At Ten Thousand Villages, we believe that where there is access to dependable and fair income, there is also the opportunity to live an empowered life of dignity and freedom. When people can plan for their future, afford education and access medical care, entire communities flourish.
How do we know? We’ve seen it happen first hand, year after year, since 1946.
Because our average relationship with artisan groups is over 20 years, we have the honor of watching children grow into adulthood and seeing families thrive. And by investing in partnerships with those who are traditionally excluded from the global economy, we are taking steps toward breaking the cycle of poverty.
Members of the workshop Ruth and Naomi view pictures brought by Ten Thousand Villages’ employees on a trip to Guatemala in 2018. The photos were of the workshop members a few years earlier.
Empowered women empower women
A woman’s ability to earn an income strengthens her position in her family and her community. In fact, research indicates that when women are empowered, sustainable economies develop. This couldn’t be more true for the women of Uganda Crafts. Founded and led by Betty Kinene, who was struggling to provide for her own family, Uganda Crafts has been creating opportunities for women since 1983. Since the group’s inception, it has become a member of the World Fair Trade Organization and built a robust export business of traditional baskets that supports the livelihoods of single mothers and widows.
Betty Kinene, founder of Uganda Crafts
Casting a light on the caste system
The United Nations Human Rights Council describes the caste system as “an occupational system, whereby people, according to their descent, undertake certain professions that are generally considered to be menial.” Certain members of society don’t just face job discrimination. They are also discriminated against in almost all other aspects of their lives including education, housing, and access to clean drinking water and healthcare.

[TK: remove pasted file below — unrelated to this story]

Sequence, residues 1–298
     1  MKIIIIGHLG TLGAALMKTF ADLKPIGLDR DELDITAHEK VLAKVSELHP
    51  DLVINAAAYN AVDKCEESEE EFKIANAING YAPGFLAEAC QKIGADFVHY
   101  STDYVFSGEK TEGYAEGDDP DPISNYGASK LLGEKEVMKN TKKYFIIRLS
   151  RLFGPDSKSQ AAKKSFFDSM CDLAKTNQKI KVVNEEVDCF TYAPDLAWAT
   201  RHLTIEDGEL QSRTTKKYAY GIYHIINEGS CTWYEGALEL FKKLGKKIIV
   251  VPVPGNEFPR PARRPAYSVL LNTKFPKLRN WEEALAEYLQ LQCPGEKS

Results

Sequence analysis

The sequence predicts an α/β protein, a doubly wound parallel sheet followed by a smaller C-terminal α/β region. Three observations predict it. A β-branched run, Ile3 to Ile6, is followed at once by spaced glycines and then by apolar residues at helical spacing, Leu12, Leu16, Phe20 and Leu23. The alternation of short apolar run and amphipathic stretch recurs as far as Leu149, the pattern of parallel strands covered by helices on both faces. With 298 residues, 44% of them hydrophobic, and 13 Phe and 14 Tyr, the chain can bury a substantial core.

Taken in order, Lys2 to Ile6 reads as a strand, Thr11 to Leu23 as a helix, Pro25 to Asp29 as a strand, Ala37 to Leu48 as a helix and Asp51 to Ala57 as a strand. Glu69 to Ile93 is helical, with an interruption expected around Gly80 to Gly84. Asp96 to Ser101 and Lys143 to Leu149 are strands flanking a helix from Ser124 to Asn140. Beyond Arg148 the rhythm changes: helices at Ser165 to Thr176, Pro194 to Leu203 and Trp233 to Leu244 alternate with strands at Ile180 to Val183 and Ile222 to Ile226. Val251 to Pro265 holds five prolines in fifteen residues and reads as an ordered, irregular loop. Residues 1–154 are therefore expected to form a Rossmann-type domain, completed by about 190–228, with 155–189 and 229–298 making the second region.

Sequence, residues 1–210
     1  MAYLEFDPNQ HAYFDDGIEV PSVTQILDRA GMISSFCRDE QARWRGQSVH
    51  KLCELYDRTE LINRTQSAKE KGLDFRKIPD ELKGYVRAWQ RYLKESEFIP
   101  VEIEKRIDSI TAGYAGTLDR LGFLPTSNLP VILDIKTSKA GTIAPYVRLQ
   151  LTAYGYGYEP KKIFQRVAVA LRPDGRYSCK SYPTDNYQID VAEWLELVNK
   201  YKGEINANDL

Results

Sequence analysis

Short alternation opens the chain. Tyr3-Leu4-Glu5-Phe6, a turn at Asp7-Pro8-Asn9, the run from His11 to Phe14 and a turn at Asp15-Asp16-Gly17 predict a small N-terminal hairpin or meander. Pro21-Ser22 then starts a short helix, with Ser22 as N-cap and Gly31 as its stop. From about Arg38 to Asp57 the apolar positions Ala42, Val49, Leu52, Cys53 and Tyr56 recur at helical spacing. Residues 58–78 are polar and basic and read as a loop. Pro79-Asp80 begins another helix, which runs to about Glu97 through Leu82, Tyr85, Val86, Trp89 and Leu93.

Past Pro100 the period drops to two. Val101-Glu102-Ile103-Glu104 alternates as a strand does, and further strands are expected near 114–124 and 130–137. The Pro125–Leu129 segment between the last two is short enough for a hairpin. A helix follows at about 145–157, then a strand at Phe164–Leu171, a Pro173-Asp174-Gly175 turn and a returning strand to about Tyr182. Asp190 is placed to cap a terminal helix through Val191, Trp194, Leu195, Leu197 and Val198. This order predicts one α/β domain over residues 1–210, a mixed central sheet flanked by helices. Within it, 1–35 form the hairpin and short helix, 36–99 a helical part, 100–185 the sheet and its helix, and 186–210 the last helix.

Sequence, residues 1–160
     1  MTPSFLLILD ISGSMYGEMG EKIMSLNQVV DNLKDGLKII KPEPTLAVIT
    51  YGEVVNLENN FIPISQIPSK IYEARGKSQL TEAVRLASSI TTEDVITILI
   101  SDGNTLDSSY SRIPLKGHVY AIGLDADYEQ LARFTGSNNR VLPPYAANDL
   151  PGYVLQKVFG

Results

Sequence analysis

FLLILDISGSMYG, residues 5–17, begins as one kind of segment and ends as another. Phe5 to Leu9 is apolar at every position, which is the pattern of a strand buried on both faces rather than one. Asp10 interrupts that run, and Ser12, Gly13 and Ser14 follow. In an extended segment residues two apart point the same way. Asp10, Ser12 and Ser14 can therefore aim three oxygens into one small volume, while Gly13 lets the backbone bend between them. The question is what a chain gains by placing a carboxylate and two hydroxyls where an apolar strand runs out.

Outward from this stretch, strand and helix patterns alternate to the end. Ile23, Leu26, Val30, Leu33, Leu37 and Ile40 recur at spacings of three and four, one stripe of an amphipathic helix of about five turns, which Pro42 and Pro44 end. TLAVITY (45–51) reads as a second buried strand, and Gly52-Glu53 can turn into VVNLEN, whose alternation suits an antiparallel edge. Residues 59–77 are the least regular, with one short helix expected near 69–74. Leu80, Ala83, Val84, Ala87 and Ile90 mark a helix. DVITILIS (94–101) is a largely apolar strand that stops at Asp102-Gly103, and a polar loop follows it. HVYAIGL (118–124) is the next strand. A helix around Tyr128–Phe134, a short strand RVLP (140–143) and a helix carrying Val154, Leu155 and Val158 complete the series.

When Laura and Enzo married and bought a plot of land in Bangladesh, they specifically wanted to work with marginalized members of the “untouchable” Rishi caste to create income generating opportunities. They knew that, given the chance, the Rishi could use their skills to earn money for themselves instead of being reliant upon charity. With this belief in mind, they founded the fair trade nonprofit organization Rishilpi. Now the group employs and empowers about 2,000 skilled artisans who invest their surplus income earned from weaving baskets into community development programs like schools and clinics.
Breaking down the barriers of stigma
Right on the border of India and Nepal is a bustling workshop called Little Flower. The artisans that work there are skilled silk spinners and cotton weavers. Their scarves are high quality, their blankets will keep you cozy, and their hand-dyed indigo pillows are almost too good to take a nap on.
The fair trade group employs around 70 artisans, mostly women, and is part of MESH’s (Maximizing Employment to Serve the Handicapped) network of workshops throughout India that empowers people with physical disabilities or leprosy.
There is a harsh stigma against those who have contracted leprosy in India, despite the fact that it is curable. Because of this, those who have leprosy often go untreated for too long, lose the use of hands or limbs, and are discriminated against and abandoned by their families even after the disease has left their body. Without access to jobs, many turn to begging. MESH provides empowering opportunities for people who would otherwise find it very difficult to get steady and fair employment.
Chief Manager of MESH, Mathew KK, at a visit to the Ten Thousand Villages main office in 2015.
By bringing the talents, perspectives and gifts of those who are often excluded from society to the table, we create a wealth of creativity and innovation together. When you invest in an inclusive economy by supporting the work of our fair trade partners, everybody has the opportunity to flourish.